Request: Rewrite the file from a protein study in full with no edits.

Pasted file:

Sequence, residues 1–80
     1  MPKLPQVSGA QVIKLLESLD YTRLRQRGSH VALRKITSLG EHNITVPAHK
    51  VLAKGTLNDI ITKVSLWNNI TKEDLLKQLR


Sequence, residues 1–80
     1  MPKLPQVSGA QVIKLLESLD YTRLRQRGSH VALRKITSLG EHNITVPAHK
    51  VLAKGTLNDI ITKVSLWNNI TKEDLLKQLR